The State of North Carolina does not provide for strict liability in cases involving claims for product liability. Statutory law governs the rights, remedies and defenses in product liability actions which sound in negligence and breach of implied and express warranties. In order to recover, a plaintiff has to show that there is a defect in the product at the time of sale, which proximately caused the injury. The plaintiff can prove defect by evidence that the product was put to its normal use and malfunctioned, expert testimony as to possible cause or causes, similar incidents of malfunction, elimination of other causes, and the fact that an accident would not have occurred absent a manufacturing defect.
A plaintiff in a products liability action can base a defect on inadequate warnings or instruction. NC Gen. Stat. Section 99-B-5. The inadequate warning must have created an unreasonably dangerous condition that the manufacturer or seller knew or should have known posed a substantial risk of harm. Warnings as to conditions which are open and obvious or matters of common knowledge are not required.
Also, a products liability claim based on a defect in design or formulation must be accompanied by proof that a safer, practical, feasible and otherwise reasonable alternative design or formulation could have been adopted that would have prevented or substantially reduced the risk of harm without impairing the usefulness, practicality, or desirability of the product. In the alternative, a product liability plaintiff can show that at the time the product left the control of the manufacturer, the design was so unreasonable that a reasonable person aware of all relevant facts would not use or consume a product utilizing this design. Section 99-B-6.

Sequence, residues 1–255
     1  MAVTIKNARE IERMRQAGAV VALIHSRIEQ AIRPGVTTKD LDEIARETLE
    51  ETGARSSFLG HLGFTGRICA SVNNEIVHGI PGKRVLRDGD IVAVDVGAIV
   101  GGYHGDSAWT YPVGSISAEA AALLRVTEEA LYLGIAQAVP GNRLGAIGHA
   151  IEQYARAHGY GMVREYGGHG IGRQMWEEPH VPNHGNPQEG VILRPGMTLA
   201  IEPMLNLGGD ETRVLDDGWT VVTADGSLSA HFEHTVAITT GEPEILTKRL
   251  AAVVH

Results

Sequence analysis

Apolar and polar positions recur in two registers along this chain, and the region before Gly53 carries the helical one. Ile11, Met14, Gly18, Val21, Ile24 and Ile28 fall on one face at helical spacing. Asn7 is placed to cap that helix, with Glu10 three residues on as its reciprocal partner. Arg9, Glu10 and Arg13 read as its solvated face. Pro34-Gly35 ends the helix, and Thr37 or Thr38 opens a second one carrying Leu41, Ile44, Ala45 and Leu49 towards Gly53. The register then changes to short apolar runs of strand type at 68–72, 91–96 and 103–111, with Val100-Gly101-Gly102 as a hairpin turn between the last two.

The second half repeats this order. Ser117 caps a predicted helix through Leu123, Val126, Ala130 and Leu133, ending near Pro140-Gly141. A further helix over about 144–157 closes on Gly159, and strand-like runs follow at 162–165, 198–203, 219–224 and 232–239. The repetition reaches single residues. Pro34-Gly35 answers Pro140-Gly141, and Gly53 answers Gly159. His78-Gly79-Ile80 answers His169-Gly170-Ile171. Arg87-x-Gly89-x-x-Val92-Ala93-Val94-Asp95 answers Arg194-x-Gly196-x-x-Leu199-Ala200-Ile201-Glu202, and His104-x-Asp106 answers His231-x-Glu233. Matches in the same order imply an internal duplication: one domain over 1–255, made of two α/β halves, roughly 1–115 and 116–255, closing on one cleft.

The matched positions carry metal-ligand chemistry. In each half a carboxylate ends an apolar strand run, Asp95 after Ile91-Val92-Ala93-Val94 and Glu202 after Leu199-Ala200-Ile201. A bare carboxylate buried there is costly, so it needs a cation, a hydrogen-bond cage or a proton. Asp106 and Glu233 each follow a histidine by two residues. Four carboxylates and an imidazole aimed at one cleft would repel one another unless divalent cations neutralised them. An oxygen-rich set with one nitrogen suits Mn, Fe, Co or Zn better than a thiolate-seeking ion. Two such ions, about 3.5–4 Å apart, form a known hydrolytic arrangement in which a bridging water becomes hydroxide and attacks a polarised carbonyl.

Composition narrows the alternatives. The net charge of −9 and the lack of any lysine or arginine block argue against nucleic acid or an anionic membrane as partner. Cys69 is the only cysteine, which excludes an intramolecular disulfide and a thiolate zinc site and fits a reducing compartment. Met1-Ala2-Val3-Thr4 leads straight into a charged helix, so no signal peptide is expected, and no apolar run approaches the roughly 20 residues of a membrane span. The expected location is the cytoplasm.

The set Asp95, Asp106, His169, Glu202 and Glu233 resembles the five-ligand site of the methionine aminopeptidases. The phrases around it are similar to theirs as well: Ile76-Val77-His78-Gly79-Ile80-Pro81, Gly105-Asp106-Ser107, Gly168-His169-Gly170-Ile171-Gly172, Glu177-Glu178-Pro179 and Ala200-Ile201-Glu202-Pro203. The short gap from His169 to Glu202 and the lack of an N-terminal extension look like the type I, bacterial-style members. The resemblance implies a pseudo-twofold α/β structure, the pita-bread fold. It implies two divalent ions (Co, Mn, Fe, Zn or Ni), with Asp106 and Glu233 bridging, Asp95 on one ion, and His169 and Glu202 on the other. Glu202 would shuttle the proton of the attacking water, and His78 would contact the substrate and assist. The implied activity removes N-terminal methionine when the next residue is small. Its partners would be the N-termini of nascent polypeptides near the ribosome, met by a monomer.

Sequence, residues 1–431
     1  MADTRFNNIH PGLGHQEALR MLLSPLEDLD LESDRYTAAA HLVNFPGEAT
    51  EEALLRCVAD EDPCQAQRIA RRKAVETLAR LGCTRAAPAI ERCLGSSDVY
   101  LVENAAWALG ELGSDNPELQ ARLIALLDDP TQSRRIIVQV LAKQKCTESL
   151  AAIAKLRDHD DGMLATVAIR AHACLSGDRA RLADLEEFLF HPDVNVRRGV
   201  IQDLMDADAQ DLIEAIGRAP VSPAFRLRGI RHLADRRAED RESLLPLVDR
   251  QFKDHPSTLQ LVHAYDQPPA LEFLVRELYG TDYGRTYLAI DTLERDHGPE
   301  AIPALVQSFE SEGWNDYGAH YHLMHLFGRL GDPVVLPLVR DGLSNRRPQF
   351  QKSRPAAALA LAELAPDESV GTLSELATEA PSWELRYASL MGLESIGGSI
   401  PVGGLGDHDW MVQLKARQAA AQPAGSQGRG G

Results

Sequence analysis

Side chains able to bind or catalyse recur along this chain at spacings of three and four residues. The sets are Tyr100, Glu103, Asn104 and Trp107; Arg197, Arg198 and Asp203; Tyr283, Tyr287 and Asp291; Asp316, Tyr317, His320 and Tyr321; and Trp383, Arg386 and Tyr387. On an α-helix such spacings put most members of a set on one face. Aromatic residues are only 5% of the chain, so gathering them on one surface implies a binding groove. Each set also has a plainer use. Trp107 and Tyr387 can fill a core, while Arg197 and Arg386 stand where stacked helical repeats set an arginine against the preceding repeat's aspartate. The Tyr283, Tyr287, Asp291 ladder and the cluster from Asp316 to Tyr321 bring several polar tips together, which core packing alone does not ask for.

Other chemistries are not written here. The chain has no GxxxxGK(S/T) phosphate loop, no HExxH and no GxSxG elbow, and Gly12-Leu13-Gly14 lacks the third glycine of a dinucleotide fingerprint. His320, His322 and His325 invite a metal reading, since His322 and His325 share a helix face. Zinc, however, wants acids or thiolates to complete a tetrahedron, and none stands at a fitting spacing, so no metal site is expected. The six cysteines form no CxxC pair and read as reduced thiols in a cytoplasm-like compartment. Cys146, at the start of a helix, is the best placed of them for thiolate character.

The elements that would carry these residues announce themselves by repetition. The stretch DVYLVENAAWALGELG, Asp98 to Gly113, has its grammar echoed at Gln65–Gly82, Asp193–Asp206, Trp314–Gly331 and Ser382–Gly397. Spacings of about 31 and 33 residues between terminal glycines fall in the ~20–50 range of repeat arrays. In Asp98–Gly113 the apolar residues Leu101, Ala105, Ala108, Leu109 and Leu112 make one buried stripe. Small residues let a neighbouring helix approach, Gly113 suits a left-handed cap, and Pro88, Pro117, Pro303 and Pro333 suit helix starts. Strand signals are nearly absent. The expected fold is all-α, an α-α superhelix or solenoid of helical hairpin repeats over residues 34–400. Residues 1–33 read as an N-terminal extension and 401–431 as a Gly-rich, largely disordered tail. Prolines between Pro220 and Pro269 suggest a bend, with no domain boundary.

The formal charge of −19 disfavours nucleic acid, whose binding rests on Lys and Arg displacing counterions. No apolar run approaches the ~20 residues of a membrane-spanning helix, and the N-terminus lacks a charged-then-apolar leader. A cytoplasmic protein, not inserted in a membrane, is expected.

In determining whether a manufacturer acted reasonably in designing or formulating the product, several factors to be considered are the nature and magnitude of the risks of harm associated with the design in light of the reasonably foreseeable uses, the likely awareness of product users of those risks, whether the design conforms to applicable government standards in effect, the utility of the product, the economic and technical feasibility of using an alternative design, and the nature and magnitude of any foreseeable risks.
The retailer of a product in North Carolina has a defense if the retailer is a "mere conduit" of the product, or when the seller has no reasonable opportunity to inspect in such a manner as would reveal the condition complained of. 99-B-2(a). The seller does, however, have a duty if seller knows or has reason to know of a product's dangerous propensity and fails to warn of same.
In claims based upon an implied warranty, a plaintiff must show a warranty by the defendant, either express or implied, that the product is defective or unmerchantable at the time it left the defendant and that the defect was the proximate cause of the damages sustained by the plaintiff. Section 25-2-314 (2) 1986. The failure to provide adequate warning may also render the product unmerchantable.